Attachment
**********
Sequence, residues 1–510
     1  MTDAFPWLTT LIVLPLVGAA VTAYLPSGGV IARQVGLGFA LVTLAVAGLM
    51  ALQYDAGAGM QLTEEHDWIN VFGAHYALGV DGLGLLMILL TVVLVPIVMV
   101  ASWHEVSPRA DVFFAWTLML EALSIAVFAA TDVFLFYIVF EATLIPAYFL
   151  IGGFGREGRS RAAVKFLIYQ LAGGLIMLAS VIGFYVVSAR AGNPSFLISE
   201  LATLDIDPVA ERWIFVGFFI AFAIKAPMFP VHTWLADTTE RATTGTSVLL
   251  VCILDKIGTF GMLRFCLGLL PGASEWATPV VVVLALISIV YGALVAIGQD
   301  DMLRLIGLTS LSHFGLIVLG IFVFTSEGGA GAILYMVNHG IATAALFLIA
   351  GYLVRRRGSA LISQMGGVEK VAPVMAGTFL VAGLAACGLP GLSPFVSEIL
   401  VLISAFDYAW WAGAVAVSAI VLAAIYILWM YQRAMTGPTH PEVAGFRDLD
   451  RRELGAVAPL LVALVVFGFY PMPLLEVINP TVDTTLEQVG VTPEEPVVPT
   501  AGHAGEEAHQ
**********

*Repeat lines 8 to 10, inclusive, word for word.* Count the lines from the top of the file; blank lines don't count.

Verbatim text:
   301  DMLRLIGLTS LSHFGLIVLG IFVFTSEGGA GAILYMVNHG IATAALFLIA
   351  GYLVRRRGSA LISQMGGVEK VAPVMAGTFL VAGLAACGLP GLSPFVSEIL
   401  VLISAFDYAW WAGAVAVSAI VLAAIYILWM YQRAMTGPTH PEVAGFRDLD